Article – FATCA – Part 2 – Implications for US Citizens in New Zealand & Australia

by Lance Morris
Nov 23, 2020
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In one way, the implications of FATCA for US persons in Australia could be summarised quite easily, file tax returns to the IRS every year. This is however severely oversimplifying the matter.

As of the beginning of the 2013 tax year, the US tax code was 73,954 pages long 1. The result of this is a hugely complex tax system, with thousands of regulations and requirements to follow, some of which are contradictory to each other.

For most US persons in Australia, complying with these regulations themselves is a daunting and sometimes unachievable task. This has resulted in a growing US tax compliance industry operating in Australia, assisting US persons with their annual tax return preparation and tax planning.

The US tax return consists of reporting worldwide income, determining the US tax applicable, and then applying Foreign Tax Credits (FTC) for Australian tax paid. There are other methods to exclude the foreign income that have essentially the same outcome, but these are specific and are best addressed in another discussion.

On the surface, the US-Australia Double Taxation Agreement (DTA) is an excellent document, protecting US persons in Australia from facing a situation of paying tax to both the ATO and the IRS. However, once you read between the lines, the US leaves itself opportunity for double taxation throughout the document.

At the beginning of the document in Article 1(3) is the “Savings Clause” 2, which allows the US (and Australia) to tax its citizens as if the DTA did not exist. Whilst this article isn’t used frequently by the IRS, its existence has to be taken into account by tax professionals, on the assumption that the IRS can and will tax any income its entitled to. Despite the existence of this clause, the IRS do accept FTC being claimed for any Australian tax paid, for any substantially identical tax.

Penalties for Failure to Comply

The associated penalties for US Persons who fail to comply with their US tax obligations are punitive, and designed to deter non-filers rather than to recoup lost tax revenue.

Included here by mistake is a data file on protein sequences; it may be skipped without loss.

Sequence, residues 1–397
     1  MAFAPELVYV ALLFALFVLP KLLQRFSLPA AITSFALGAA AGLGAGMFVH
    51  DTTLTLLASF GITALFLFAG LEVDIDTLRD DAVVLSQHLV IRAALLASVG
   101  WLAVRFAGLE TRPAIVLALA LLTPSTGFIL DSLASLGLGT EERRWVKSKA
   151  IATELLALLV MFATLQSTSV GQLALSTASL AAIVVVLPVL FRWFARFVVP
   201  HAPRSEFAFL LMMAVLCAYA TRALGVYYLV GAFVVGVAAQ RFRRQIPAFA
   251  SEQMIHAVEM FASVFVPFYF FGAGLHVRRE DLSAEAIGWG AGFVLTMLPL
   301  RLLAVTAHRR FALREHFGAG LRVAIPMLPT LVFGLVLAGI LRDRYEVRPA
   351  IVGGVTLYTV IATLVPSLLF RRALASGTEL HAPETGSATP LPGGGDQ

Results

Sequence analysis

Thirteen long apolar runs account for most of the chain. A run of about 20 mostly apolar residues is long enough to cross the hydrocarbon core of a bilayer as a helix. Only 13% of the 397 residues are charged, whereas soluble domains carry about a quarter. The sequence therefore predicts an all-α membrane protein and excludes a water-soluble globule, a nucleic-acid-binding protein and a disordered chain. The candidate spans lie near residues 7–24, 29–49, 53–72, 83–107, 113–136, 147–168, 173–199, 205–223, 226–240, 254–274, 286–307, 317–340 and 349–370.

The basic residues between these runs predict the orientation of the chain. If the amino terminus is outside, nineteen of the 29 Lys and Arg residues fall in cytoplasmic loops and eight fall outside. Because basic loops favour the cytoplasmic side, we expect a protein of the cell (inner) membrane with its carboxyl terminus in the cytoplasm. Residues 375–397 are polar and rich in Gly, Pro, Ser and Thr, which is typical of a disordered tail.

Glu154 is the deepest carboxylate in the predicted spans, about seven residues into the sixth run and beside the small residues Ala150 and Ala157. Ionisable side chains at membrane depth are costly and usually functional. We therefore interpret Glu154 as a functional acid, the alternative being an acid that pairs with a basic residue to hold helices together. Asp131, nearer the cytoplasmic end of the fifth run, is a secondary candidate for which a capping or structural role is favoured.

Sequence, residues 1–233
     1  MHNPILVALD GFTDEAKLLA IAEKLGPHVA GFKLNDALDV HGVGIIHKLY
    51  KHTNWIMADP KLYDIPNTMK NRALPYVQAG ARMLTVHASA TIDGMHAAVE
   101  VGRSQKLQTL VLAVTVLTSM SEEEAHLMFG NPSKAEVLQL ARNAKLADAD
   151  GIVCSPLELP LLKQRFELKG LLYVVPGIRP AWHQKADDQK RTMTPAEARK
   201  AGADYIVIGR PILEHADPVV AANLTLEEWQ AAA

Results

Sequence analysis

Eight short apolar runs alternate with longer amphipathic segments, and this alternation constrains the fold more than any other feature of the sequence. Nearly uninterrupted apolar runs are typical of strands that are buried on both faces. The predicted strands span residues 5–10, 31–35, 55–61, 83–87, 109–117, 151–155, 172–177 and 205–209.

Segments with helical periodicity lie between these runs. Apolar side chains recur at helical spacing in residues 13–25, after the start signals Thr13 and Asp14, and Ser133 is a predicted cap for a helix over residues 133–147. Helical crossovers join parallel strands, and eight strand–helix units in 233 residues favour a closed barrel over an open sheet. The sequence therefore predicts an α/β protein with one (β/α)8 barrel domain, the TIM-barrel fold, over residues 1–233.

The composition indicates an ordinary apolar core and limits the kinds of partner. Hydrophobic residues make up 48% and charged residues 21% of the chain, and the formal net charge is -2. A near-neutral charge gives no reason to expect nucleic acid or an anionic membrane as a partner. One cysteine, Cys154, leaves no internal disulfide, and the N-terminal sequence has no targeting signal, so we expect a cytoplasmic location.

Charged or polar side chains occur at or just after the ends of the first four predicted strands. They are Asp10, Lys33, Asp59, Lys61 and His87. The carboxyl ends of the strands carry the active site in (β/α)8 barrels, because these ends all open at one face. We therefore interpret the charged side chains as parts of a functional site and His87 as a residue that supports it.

For individual tax returns, the penalties are discretionary, but can be as high as 125% of gross income for the year.

For trust and business information returns, set penalties of $10,000 per form exist, and are regularly imposed.

For FATCA compliance (bank information reporting), penalties are $10,000 per year, per account not reported, or a maximum penalty of 50% of the account value.

Criminal prosecution is a possibility in any of the above instances.


But, where the serious issues begin is with regards to Australian Superannuation. Although there are claims to the contrary by some online tax outfits, the DTA provides no protection from US taxation for Australian Superannuation, which is seen as fully taxable by the IRS.

Pensions and Superannuation is addressed in Article 18 of the DTA 2, with two forms of superannuation given an exemption from US taxation:

(1) Subject to the provisions of Article 19 (Governmental Remuneration), pensions and other similar

remuneration paid to an individual who is a resident of one of the Contracting States in consideration of past employment shall be taxable only in that State.

Frequently misunderstood, the above article allows US persons in Australia to exclude from taxation, any pension which is derived from government employment. This of course only affects a very limited amount if individuals in any capitalist economy.

(2) Social Security payments and other public pensions paid by one of the Contracting States to an

individual who is a resident of the other Contracting State or a citizen of the United States shall be

taxable only in the first-mentioned State.

The 2nd article excluding pensions from taxation above, refers to Social Security type payments only. This article has been written using the globally accepted understanding of the term “Social Security”, which refers to a form of government welfare. Some have tried to argue that Australian Superannuation is Social Security, since it is mandatory for Australian citizens. 

This theory is usually referenced as “privatised social security”, which of course is an oxymoron. As “social security” specifically defines government welfare, meaning the term “privatised social security” contradicts itself. Private superannuation accounts cannot be considered government welfare, as the Australian government has alternative social security available for the less well off.

In addition, apart from being mandatory for most employed individuals, Australian Superannuation doesn’t follow any other norms of social welfare, in that the funds are privately invested rather than a social insurance (paid by the DSS in Australia).

The end result of this, is a situation whereby Australian Superannuation growth and withdrawals are considered to be taxable income by the IRS. With only limited tax paid on the growth/contributions etc. of superannuation in Australia, only a limited amount of FTC is available in the US tax return to prevent its taxation. The bottom line of this, is that Australian Super owned by US persons, will be taxed by the IRS. No consideration is taken to the tax status of superannuation in Australia.

Whilst of course this is not necessarily a form of double taxation due to the beneficial tax status of superannuation in Australia, it does come as an unwanted shock for many expat US persons.

Most Australian accountants would also be aware that this is reciprocal, with US based retirement funds also being considered taxable by the ATO, regardless of their tax beneficial treatment in their home country.

  1. US Tax Code –
  2. US Australia Tax Treaty –